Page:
Chip War: The Fight for the World’s Most Critical Technology by Chris Miller is a valuable contribution when the world is still trying to understand the geopolitical relevance of the tech war between the US and China. The book has won the 2022 Financial Times business book of the year award.

Authored by an academic who teaches international history at the Fletcher School of Law and Diplomacy at Tufts University, Chip War is the latest book published by the author as part of his research to decipher and dissect the relevance of critical shifts in international politics and economics. The book examines the geopolitical relevance of chips and how access to chips has influenced the changing dynamics of the balance of power in a globalised world.

The book comprises seven parts, delineating the origins and evolution of chip manufacturing and how it has shaped international politics. The book’s striking feature to me was the author’s compelling portrayal of the history of chips. The origins of chip manufacturing and its science provides a fascinating story and makes sense even to those who are relatively ignorant about the technological and engineering aspects. The narrative around chip evolution and its development over time, painted against the evolving geopolitical canvas involving key actors the US, erstwhile USSR, Japan, South Korea, and China, makes the book compelling. The arguments in the book reinforce the reality that the Internet of Things (IoT) is not limited to its usage as a communication technology.

Power imbalances

In today’s age, states are looking at IoT as a weapon that will enable the best in the business to establish control over the digital estate by connecting billions of devices and assuming geo-strategic advantage. Therefore, given the immense potential of the advanced versions of chips and the promise it holds, with massive spillover effects in military modernisation threatening to amplify the power imbalances.

There has been heated debate in the US over China’s emergence as a tech power. Some argue that the US strategy of choking chip supply to China to paralyse its tech march exposes China’s vulnerabilities.

For instance, the Biden administration’s Chips Act seeks to reassert US dominance. In the same measure, the US policymakers are keen to rejuvenate its tech prowess by ensuring that chip production is again restored to the US. But the intriguing question in this regard is will the US become self-sufficient by taking recourse to the policy of reshoring? To what extent will attracting Taiwan’s chip-making giant TSMC (Taiwan Semiconductor Manufacturing Company) and Foxconn boost the US capacity? And how does the redrawing of the chip manufacturing maps alter the geopolitics of our times?

It is interesting to note that even in the past, geopolitical considerations concerning chips were a critical factor. The author, Chris Miller, highlights how the Japanese threatened US supremacy during the 1980s, prompting a rejuvenated sense of Japanese nationalism, provoking works like ‘A Japan that can say No.’

Interestingly, this Japanese narrative fuelled some Chinese intellectuals to develop a piece titled ‘A China that can say No.’ The American policymakers actively promoted the emergence of South Korea as a chip manufacturing hub to check Japanese ambitions.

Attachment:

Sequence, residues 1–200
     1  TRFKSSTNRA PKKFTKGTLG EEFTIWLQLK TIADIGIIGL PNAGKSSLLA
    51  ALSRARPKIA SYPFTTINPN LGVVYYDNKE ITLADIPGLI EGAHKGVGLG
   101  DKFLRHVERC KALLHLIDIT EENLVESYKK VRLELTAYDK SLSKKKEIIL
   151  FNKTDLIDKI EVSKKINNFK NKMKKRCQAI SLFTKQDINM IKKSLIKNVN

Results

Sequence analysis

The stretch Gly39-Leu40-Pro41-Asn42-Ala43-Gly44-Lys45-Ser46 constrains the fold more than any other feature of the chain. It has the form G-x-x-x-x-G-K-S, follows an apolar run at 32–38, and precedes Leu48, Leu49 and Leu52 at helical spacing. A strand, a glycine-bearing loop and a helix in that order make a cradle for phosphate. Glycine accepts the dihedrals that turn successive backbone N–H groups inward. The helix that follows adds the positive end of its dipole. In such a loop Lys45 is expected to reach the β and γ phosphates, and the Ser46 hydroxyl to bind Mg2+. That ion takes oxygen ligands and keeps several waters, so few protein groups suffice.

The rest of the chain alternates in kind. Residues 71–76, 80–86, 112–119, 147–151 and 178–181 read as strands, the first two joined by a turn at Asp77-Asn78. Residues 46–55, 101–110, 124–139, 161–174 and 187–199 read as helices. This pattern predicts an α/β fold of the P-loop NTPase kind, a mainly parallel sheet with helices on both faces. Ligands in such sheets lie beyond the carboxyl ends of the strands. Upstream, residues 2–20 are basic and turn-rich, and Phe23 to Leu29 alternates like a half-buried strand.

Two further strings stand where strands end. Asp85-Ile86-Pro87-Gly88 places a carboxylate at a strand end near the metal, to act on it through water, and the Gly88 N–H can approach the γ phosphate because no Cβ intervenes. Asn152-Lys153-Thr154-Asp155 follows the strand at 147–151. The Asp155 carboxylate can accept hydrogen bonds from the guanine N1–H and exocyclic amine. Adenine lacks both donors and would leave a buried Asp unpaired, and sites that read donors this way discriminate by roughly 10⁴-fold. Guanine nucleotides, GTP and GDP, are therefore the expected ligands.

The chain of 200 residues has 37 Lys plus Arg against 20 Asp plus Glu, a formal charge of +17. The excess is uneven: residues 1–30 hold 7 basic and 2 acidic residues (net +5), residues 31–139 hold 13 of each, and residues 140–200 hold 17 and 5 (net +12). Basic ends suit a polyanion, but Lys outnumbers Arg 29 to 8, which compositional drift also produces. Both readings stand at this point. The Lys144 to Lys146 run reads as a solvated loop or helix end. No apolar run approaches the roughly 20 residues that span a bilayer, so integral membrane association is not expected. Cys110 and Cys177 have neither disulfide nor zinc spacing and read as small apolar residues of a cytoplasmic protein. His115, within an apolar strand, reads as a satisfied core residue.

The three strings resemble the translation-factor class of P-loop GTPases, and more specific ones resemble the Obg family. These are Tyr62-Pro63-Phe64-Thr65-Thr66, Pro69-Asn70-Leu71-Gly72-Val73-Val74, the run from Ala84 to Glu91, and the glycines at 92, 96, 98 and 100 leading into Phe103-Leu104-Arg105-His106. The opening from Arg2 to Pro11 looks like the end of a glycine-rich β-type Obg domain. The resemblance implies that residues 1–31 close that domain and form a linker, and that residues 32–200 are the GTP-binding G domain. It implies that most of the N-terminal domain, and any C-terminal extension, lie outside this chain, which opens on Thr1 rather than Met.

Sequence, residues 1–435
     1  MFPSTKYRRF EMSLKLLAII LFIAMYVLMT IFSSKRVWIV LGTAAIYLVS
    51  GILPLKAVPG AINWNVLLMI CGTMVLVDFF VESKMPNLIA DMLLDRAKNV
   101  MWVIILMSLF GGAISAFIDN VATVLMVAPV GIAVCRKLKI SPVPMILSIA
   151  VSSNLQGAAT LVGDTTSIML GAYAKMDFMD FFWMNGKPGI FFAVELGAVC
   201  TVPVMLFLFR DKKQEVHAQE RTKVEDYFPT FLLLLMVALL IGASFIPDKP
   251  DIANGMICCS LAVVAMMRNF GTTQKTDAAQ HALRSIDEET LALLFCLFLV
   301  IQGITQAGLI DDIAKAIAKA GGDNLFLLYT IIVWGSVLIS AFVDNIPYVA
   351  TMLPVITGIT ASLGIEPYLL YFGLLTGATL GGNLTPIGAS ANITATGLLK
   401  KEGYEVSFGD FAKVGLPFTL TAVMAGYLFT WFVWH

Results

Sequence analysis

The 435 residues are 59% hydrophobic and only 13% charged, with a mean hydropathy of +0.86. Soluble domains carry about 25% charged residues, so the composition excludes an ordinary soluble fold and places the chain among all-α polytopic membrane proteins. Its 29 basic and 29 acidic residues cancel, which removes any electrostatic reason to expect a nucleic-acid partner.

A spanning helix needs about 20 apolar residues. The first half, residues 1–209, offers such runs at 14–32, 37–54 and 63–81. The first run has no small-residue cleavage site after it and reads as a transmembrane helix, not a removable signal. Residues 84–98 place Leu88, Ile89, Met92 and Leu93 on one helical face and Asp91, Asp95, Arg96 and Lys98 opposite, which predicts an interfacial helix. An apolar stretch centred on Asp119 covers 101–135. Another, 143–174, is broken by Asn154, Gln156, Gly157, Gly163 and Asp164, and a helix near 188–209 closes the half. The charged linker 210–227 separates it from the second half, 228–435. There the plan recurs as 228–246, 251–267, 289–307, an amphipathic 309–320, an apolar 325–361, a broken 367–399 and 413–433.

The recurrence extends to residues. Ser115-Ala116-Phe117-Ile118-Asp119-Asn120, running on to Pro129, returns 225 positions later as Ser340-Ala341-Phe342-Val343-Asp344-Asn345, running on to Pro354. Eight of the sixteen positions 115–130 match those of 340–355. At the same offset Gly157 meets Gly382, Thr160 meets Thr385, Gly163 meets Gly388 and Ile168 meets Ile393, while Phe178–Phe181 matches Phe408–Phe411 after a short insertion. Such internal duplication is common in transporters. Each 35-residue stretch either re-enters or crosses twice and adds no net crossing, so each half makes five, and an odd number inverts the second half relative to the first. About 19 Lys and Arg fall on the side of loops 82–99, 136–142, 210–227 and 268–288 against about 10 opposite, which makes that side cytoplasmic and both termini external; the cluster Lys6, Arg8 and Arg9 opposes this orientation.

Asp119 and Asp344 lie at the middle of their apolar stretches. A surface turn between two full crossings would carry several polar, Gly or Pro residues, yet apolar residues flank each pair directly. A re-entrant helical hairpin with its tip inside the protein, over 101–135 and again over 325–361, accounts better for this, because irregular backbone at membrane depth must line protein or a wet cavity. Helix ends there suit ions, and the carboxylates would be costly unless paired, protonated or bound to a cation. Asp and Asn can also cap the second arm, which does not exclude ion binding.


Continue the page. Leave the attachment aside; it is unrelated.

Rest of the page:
The Taiwan card

Currently, we see a similar pattern with US policymakers seeking to contain China’s tech ambitions by playing the Taiwan card. In this regard, the author’s coverage of the Taiwan issue and its geopolitical relevance owing to its chip manufacturing capacity is very informative. The various choices that the critical stakeholders can exercise to resolve the Taiwan issue and the possible geopolitical ramifications are bound to keep readers engaged.

A section of US policymakers argues that the best way to contend with China in the technomic war is to focus on what the US does best: encourage innovation and attract the best talent worldwide. But unlike previous occasions, one is unsure to what extent China’s isolation in an already sophisticated tech value chain can be possible.

Moreover, given the state, capitalist-driven tech ambitions of China, will the American policymakers be prompted to take a leaf out of the Chinese book or adopt a mixed approach where the state can safeguard national interests and yet play by the rules of market capitalism?

In another section, the author highlights how the US could militarily modernise itself and left the world gasping with guided missiles during Operation Desert Storm. The inability to integrate the chips-related technology with its military equipment during the Vietnam war seriously handicapped US options. Further, the author contends that the current failure of Russia to secure an outright victory over Ukraine is due to its inability to enhance its military prowess by integrating the most advanced and sophisticated technology powered by advanced chips.

For Indian policymakers and those interested in the geopolitical implications of technology, the book is hugely informative. With economic nationalism on a high and ‘self-reliance’ being the critical mantra, how will India protect its national interests and highlight the ‘make in India’ to be technologically self-sufficient and emerge unscathed in geopolitical rivalries spurred by chips-driven technology?

(The reviewer is Faculty, Humanities and Social Sciences, IIM Indore)

Check out the book on Amazon here

Chip War: The Fight for the World’s Most Critical Technology
Author: Chris Miller
Published: Simon & Schuster Ltd
Pages 464
Price: Rs 799